A picture worth more than a thousand words
The legacy of a citrus family lies in faith and passion.
Recently, a new Publix store opened near our office, and I had the pleasure to share my first visit with my dad, Benny. We enjoyed the moment together as we grabbed a couple bottles of Uncle Matt’s Organic juice off the refrigerator shelf and snapped a photo for memories.
It’s a great picture with dad that I’ll always cherish, but what’s more is what’s not pictured: A story of perseverance in the face of adversity, and a story of adapting to change whether we were ready for it or not.
The location of this particular Publix used to be an orange grove in the 1980s. One cold night in ’83, a devastating freeze killed 300,000 acres of citrus crops. Six hundred of those acres belonged to my family. That freeze, and the following ones in ’85 and ’89 forever changed the landscape of our small rural town. What was once rolling hills (yes, hills in Florida) of citrus groves became a commuter city for Orlando and the world-renowned theme parks down the street.
My father and grandfather lost everything during the freezes, and the McLean family ties to Florida citrus might have ended those cold, harsh nights. Their faith and passion for farming, however, pulled them through. What they didn’t lose inspired decades of dedication to growing a business we all believed in organically.
My grandfather moved two hours south to where the citrus was replanted. He saw the positive, opportunistic side in these events. He was committed to his agricultural roots even if that meant moving somewhere new. My father, on the other hand, stayed in Clermont and became a consultant. He traveled across Florida, Central America and the Caribbean to make a living by educating others about what he knew best – citrus growing.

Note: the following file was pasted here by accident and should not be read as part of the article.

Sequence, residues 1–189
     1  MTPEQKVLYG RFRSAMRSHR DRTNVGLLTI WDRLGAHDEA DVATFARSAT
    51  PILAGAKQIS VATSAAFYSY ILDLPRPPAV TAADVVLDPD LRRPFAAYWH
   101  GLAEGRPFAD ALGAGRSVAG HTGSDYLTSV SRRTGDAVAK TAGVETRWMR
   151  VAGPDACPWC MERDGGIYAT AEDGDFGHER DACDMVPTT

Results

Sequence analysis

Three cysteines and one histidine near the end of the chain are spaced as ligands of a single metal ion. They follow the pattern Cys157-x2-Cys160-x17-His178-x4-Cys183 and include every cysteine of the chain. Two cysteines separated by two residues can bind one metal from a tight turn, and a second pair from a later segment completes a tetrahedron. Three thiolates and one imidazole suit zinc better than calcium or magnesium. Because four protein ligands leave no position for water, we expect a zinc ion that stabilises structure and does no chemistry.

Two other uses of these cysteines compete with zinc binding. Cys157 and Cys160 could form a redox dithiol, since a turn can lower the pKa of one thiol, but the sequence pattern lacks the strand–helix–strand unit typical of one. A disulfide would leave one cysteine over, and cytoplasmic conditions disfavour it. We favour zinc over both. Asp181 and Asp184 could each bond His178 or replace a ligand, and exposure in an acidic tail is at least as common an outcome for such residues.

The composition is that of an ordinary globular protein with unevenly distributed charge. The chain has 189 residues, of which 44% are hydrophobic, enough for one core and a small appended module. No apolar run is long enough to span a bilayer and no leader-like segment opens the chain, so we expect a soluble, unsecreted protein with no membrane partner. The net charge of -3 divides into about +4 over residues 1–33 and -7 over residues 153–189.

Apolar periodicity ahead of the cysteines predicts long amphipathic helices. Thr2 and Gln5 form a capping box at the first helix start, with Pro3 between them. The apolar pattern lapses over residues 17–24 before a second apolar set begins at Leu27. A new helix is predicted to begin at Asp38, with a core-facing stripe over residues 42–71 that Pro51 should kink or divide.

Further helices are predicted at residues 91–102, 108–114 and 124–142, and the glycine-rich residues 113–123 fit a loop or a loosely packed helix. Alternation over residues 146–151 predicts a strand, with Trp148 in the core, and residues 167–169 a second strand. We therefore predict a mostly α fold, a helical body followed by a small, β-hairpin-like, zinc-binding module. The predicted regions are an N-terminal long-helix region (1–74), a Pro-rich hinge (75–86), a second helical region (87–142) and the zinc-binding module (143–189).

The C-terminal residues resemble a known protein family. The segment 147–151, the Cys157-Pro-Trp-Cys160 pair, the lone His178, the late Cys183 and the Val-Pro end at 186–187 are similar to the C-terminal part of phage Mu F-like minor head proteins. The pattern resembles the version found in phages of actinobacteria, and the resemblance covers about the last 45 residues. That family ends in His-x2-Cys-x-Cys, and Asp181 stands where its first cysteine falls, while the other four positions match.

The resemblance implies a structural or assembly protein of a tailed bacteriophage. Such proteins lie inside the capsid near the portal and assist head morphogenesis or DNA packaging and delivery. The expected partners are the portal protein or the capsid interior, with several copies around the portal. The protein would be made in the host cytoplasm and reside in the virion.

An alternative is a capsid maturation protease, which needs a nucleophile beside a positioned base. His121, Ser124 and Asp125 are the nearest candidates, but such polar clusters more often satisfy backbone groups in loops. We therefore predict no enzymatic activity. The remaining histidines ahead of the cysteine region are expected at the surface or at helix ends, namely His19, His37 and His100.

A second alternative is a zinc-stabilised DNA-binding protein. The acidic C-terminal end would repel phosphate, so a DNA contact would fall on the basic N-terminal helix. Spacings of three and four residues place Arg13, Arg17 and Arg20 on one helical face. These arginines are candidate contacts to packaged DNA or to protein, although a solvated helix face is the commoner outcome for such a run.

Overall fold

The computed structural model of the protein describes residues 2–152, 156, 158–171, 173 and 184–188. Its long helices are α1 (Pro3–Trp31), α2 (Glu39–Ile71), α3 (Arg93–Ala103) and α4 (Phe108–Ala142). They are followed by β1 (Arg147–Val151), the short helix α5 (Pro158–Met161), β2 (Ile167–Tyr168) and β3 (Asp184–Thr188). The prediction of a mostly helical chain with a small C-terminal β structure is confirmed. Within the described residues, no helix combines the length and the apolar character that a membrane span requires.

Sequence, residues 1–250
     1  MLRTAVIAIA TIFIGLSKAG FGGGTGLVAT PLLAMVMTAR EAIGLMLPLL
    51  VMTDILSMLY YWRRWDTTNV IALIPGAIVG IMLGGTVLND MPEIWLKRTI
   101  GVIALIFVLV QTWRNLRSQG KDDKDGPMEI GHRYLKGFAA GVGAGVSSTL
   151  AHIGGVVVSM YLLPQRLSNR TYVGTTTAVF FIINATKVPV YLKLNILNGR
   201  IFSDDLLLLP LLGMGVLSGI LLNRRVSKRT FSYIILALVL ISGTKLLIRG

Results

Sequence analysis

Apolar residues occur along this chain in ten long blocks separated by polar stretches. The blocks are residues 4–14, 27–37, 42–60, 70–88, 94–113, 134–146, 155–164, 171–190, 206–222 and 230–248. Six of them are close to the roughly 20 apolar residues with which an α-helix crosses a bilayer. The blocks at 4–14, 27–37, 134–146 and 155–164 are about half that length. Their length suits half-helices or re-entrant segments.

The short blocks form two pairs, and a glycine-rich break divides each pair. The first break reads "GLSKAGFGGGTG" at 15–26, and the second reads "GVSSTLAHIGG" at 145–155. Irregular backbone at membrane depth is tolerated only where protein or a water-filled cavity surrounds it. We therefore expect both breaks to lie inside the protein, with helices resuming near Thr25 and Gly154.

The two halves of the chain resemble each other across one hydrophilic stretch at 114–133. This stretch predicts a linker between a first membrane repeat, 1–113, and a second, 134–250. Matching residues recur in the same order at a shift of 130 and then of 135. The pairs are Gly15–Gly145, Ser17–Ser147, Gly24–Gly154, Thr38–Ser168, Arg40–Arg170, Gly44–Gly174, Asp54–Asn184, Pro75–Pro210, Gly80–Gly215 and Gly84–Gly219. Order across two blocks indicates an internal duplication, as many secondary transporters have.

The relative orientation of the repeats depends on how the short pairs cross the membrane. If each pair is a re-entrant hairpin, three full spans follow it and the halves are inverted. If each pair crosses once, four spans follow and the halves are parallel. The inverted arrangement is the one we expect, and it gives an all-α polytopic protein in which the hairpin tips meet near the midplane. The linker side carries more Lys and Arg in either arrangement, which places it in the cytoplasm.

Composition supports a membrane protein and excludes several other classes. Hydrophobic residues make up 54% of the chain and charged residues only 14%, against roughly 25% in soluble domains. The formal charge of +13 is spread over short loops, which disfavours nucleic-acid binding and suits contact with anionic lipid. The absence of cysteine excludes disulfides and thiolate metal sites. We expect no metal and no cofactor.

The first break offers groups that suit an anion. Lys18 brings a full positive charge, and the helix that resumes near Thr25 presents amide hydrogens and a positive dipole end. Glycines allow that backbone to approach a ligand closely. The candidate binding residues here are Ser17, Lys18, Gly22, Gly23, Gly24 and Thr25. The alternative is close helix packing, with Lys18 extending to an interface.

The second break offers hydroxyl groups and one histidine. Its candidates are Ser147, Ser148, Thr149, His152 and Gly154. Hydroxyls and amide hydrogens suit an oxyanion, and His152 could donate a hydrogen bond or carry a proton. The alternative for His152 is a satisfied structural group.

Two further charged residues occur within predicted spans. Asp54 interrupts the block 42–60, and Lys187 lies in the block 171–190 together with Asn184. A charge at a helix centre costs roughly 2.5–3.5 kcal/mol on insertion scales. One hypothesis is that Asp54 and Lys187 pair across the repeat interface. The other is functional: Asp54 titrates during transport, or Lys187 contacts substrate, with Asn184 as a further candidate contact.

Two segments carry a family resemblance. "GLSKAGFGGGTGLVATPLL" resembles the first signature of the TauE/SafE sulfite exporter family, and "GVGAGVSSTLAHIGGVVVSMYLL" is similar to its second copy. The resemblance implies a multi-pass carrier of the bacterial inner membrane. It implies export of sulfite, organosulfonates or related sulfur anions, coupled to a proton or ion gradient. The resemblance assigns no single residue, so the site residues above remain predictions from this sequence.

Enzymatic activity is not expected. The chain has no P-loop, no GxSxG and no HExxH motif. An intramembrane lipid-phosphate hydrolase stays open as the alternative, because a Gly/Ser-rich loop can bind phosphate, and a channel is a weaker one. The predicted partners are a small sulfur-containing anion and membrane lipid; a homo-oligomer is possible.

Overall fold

Both of these men motivated me to start Uncle Matt’s Organic. When I first launched the company over 20 years ago, Publix was the first big retailer I approached. It took two years, but the buyer finally gave me our big shot. Our final meeting with Publix in 2001 included three generations of Florida citrus growers: me, my father and my grandfather. Our organic juice has been on their shelves ever since.
While it can be sad to think about what once grew in the place where a grocery store now stands, I’m reminded of the proud moment my family experienced together. Thinking back, I don’t know that any of the three of us thought we would’ve made it this far. That’s why after over two decades of running this business, I don’t let the small wins go unnoticed. Every store that opens, every retailer who picks up our product, every new shelf placement we gain is a reminder of all that’s possible even when at one time all seemed lost.
It’s so much more than a picture. It’s a citrus story.